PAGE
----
The British company, which flew 17 regional jet aircraft on routes to 25 European cities, says Brexit has been a major factor in its demise.
A total of 376 people based in the UK, Germany, Sweden and Belgium worked for the airline, and their jobs are now at risk.
Thousands of holidaymakers have had their plans thrown into disarray - with the airline taking down its full website and replacing it with a statement. In 2018, Flybmi had carried 522,000 passengers on 29,000 flights.
Those affected are being told not to come to the airport unless they have rebooked flights with alternative providers. Flybmi has said it is not able to purchase, rearrange or reschedule journeys for its customers.
Richard Edwards, another disgruntled passenger, claimed he and his family only learned that their flight was cancelled after they had gone through security - and that was after their departing airport had changed from Bristol to Southampton.
Meanwhile, the airline was described as an "absolute joke" by Laura Mason, who found out she was unable to check in for a Flybmi flight that was due to depart on Sunday - a flight she had booked more than a year in advance.
British Midland Regional Limited, which ran the East Midlands-based airline, said "several difficulties" were to blame for its demise - with issues including a rise in fuel costs "undermining efforts to move the airline into profit".
A statement added: "Current trading and future prospects have also been seriously affected by the uncertainty created by the Brexit process, which has led to our inability to secure valuable flying contracts in Europe and lack of confidence around bmi's ability to continue flying between destinations in Europe.
"Additionally, our situation mirrors wider difficulties in the regional airline industry which have been well documented.
"Against this background, it has become impossible for the airline's shareholders to continue their extensive programme of funding into the business, despite investment totalling over £40m in the last six years."
The company said it sincerely regretted its decision to begin administration proceedings - but said it had become "the only option open to us" because of the "insurmountable" hurdles Brexit has created.
UK airports served by Flybmi flights included Aberdeen, Bristol, London Stansted and Newcastle - while international destinations included Frankfurt, Hamburg, Munich, Milan Bergamo, Oslo, Stavanger and Paris Charles de Gaulle.
City of Derry airport in Northern Ireland has been hard hit by Flybmi's collapse, as it has lost its only connection to London Stansted.
Last year, council officials had warned that the airport would not be sustainable without the subsidised route - and now, the terminal says it is "reviewing options for resuming the service with another airline as soon as possible".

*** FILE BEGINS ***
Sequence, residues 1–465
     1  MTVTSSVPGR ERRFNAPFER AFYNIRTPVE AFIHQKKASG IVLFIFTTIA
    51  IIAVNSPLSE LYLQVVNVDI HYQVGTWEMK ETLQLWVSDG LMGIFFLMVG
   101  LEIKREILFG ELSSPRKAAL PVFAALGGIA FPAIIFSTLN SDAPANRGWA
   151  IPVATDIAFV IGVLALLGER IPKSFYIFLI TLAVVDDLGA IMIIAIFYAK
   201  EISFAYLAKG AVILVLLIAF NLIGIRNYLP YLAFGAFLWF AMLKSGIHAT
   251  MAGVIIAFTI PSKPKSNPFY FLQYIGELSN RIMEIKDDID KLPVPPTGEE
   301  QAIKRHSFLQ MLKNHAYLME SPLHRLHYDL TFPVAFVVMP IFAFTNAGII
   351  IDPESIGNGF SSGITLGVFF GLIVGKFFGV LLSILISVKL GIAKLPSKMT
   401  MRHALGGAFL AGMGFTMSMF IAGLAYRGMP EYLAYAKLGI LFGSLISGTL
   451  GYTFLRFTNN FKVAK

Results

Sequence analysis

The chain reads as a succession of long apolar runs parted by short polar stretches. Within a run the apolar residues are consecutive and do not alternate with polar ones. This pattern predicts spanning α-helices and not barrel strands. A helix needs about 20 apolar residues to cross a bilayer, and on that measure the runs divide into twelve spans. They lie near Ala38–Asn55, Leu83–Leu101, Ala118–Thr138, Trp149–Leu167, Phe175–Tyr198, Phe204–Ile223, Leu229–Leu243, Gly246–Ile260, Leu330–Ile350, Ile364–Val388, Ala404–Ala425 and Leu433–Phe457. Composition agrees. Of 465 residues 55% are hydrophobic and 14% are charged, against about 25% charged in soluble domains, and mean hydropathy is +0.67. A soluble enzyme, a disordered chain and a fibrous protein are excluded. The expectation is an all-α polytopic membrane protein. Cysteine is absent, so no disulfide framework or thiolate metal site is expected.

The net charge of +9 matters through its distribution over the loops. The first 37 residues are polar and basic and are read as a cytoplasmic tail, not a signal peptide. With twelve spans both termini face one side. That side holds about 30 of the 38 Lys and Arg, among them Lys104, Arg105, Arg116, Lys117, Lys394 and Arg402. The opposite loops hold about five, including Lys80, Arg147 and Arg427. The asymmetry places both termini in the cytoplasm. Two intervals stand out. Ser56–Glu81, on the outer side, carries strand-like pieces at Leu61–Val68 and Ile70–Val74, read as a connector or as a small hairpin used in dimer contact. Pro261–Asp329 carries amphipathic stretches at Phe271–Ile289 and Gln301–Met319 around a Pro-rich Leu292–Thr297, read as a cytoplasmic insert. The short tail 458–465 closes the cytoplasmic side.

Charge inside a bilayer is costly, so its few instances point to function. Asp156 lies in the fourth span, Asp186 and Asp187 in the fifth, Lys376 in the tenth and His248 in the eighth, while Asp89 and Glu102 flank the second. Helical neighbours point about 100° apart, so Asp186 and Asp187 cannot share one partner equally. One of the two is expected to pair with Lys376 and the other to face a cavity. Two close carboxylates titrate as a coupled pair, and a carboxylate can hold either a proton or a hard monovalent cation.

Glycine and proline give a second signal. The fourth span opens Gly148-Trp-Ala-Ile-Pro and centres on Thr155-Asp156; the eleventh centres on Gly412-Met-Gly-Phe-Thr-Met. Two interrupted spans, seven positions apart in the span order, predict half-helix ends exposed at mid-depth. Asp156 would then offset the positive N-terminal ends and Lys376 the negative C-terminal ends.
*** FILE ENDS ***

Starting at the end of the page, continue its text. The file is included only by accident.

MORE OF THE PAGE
Simon Calder, travel editor at The Independent, told Sky News: "This is I'm afraid a very, very bad sign for smaller airlines - many of which are struggling.
"And, unfortunately, it's terrible news for 400 employees as well as thousands of people who are either stranded where they don't need to be and need to get home, or indeed have bookings for future reservations.
"It's very worrying news for passengers who will now be scrambling around trying to get refunds from their credit card companies and facing much higher fares on replacement flights.
"Of course, it's very difficult finding exact replacements because Flybmi was, on many routes, the only airline."
Flybmi was born out of the ashes of British Midland - and Mr Calder said the regional arm had been struggling ever since British Airways snapped up its slots at London's Heathrow Airport.
Mr Calder said he expects many airlines will offer rescue fares to affected passengers - giving them the opportunity to purchase cut-price deals to take them to alternative airports.
British Airline Pilots' Association general secretary Brian Strutton said: "The collapse of Flybmi is devastating news for all employees.
"Regrettably Balpa had no warning or any information from the company at all."
What should customers do?
:: Do not come to the airport unless you have rebooked a flight with an alternative airline - Flybmi will not be purchasing, rearranging or rescheduling flights;
:: Customers who booked directly with Flybmi should contact their payment card issuer to obtain a refund for flights which have not yet taken place;
:: Anyone who has booked Flybmi flights via a travel agent or one of Flybmi's codeshare partner airlines should contact their agent or airline for details of options available to them;
:: Those with travel insurance should contact their provider to find out if they are eligible to claim for cancelled flights and the procedure for doing so;
:: Passengers whose flights are part of a package holiday should contact the travel company they booked with. If the firm holds an ATOL licence, it is responsible for making alternative flight arrangements or providing a full refund.
Have you been affected by Flybmi's collapse? Contact us:
:: Email - firstname.lastname@example.org
:: WhatsApp - 07583 000853
:: Your Report on Sky News apps